Sweat & Smiles: On Mother's Day, Emphasize Showing How to Live Instead of Sacrificing Everything

By Melissa Robbins on May 12, 2018 from Sweat & Smiles via Connect-Bridgeport.com

As you walk the aisles looking for a Mother’s Day card you’ll notice poem after poem thanking Mom for all of her sacrifices. If you’re over 30 you probably have a prime example of a mother who put herself last. As women we often find ourselves filling that role.
 
Putting ourselves last in the name of what we believe is love. As a mother I understand, our desire to be a good mother supersedes any goal we could have ever imagined having. But what does that even mean? Is sacrifice the determining factor between a good mother and the rest of us? 
 
Approximately 15 percent of all mothers experience Postpartum depression, and that’s just self-reported cases. Approximately 12 million women in the United States suffer from depression. Women experience depression at roughly twice the rate as men. One in eight women will develop a thyroid disorder in their lifetime, the most prevalent root cause being stress.
 
A study led by Cambridge University estimated that four out every 100 people have anxiety. For every 1.9 females, one male is affected by anxiety disorders, and women younger than 35 are disproportionately affected. I may be generalizing and these statistics may or may not have anything to do with being a mother but if I’m speaking frankly for my mom friends and I, we’d all say that the expectations of motherhood can feel crippling. 
 
I had an eight hour labor, no epidural, no medication. I started pushing at 10:45 and Cannon was born at 11:11. Two days later we went home from the hospital. The following day I was up and on the go, heading out to Target. I brought Cannon to meet family, hosted family at my house, and when he was five days old I went to a wedding. I got up to breastfeed, pumped, and slept when I had the chance. I started walking when he was a week old and working out when he was four weeks old. I did great. Until I didn’t.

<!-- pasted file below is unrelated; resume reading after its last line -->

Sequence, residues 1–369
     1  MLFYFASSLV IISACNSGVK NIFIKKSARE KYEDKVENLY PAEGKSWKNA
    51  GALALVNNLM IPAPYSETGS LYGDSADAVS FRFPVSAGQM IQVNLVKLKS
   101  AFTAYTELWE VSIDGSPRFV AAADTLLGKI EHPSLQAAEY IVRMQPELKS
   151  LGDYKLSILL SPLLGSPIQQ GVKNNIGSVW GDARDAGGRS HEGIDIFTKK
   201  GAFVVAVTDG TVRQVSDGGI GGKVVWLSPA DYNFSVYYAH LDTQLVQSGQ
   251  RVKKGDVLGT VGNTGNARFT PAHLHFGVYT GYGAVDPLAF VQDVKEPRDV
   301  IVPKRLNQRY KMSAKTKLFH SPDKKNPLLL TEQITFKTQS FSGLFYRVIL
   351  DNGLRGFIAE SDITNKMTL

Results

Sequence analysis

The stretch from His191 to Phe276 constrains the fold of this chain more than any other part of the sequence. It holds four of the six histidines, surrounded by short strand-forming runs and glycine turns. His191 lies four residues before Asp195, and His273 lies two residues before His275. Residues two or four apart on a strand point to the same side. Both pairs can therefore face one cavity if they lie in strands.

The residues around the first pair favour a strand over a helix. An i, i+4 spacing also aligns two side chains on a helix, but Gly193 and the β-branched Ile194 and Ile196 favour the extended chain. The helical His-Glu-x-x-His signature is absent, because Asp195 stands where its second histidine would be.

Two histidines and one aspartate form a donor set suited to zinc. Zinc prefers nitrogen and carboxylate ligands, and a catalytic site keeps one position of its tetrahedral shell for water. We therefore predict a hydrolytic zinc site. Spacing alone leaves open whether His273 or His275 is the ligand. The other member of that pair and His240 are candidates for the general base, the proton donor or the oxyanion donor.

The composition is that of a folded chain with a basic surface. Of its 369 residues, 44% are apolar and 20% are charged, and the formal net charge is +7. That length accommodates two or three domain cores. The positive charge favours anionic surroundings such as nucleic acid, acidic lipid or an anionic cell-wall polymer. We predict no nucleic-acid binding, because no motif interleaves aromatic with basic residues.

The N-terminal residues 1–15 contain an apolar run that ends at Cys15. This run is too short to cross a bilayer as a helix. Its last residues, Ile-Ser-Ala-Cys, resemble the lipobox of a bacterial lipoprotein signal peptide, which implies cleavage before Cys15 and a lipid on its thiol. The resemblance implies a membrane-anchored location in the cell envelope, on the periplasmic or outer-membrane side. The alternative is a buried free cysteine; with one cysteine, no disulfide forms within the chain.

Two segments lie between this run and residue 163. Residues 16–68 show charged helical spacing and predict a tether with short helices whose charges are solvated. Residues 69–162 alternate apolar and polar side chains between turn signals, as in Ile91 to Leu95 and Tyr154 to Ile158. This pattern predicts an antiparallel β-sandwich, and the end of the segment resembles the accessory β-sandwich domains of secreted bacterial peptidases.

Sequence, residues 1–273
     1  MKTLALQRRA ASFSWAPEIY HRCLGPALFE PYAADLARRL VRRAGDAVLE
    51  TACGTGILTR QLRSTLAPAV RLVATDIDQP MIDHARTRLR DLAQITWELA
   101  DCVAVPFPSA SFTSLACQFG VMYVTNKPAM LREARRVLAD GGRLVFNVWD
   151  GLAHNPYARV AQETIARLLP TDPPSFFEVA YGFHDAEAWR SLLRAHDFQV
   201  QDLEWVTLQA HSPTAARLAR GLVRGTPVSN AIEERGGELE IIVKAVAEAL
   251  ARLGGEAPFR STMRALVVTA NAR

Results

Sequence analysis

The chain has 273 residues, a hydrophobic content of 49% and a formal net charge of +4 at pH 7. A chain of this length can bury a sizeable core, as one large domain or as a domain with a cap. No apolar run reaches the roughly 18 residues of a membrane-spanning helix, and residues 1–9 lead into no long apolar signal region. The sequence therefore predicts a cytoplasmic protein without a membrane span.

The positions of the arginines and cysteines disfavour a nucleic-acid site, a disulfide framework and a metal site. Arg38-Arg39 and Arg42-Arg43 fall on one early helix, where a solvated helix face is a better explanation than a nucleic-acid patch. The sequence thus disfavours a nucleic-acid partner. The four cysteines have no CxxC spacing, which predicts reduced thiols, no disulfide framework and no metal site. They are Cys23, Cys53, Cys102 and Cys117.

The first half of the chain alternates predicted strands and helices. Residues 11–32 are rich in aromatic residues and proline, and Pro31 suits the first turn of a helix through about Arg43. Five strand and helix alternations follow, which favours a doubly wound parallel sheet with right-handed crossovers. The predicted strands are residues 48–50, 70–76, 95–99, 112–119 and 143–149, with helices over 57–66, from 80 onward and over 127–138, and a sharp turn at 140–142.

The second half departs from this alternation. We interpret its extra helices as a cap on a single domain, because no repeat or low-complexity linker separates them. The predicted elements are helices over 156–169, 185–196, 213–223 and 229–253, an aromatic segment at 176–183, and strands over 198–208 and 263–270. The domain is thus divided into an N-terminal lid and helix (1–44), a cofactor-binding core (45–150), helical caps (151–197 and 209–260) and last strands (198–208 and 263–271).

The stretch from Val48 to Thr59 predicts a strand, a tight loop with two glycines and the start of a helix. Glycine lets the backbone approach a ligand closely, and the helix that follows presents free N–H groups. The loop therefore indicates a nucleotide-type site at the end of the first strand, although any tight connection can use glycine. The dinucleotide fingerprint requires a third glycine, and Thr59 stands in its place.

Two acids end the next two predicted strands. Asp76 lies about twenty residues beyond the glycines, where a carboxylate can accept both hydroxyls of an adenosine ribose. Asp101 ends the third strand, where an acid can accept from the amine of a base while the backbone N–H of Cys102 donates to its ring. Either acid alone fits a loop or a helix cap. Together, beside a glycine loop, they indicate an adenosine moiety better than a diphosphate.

When Cannon was six or seven months old I had that “what have I gotten myself into” feeling. It was winter so we were in the house more often than not. I was rarely away from him for more than two hours at a time because it was so much easier to breastfeed than to pump. Even though Cannon slept for 5 and 6 hour stretches from the time he was five weeks old, I did not. In fact, even the sleep I got wasn’t good sleep. I was crippling under pressure and expectations that I didn’t even know existed. 
 
It didn’t take me long (thank God for the women around me) to see what was happening. Since then I’ve made choice after choice to not accept the “Mom guilt”. Notice I didn’t say I didn’t feel it, I just chose not to accept it. I made the choice to take care of myself first so that I was able to care for Cannon as the best version of myself. I made the choice to decide what being a good mother meant to me. In honor of Mother’s Day I’d like to share what being a good mother means to me. 
 
Being my best most authentic self. 
Modeling the behaviors I want my son to inherent: kindness, compassion, confidence and resiliency. 
Helping him every step of the way to build his own confidence and resiliency. 
Teaching him to use his words, his instincts, and to always speak his truth. 
Giving him the space to feel all of his feelings … even the ones the produce the loudest screams and most heart wrenching cries. 
Treating him with the same respect that I want him to treat me and every other living being. 
 
For me, that’s the best I can do. Everything else outside of that list is far beyond my control. I made a choice when my son was six months old that I didn’t want a Mother’s Day card that said “thanks for sacrificing everything for me”, I want a Mother’s Day card that says, “thanks for showing me the way to live.” 
 
Happy Mother’s Day to each and every one of you and a special happy Mother’s Day to those of you who have showed me how to live. 
 
Sweat & Smiles, 
Melissa
 
Editor's Note: Melissa (Romano) Robbins is the founder of You First a personal training program created because of a strong belief that the greatest investment you can make is in yourself! After graduating from West Virginia Wesleyan College she completed 200+ hours to obtain her Professional Certificate of Personal Fitness Training from Pierpont Community College.  Since 2009 she has worked full-time as a personal trainer, group fitness instructor and wellness coach. She believes in functional fitness, healthy lifestyle changes and a holistic approach to a better, happier life. She was born and raised in Clarksburg and is married to Bridgeport native Alan Robbins, owner of First University baseball facility. Alan and Melissa welcomed their son, Cannon in September 2015. Visit Melissa's Web site at  https://youfirst.fitness/ or email her at melissa@youfirst.fitness.
 


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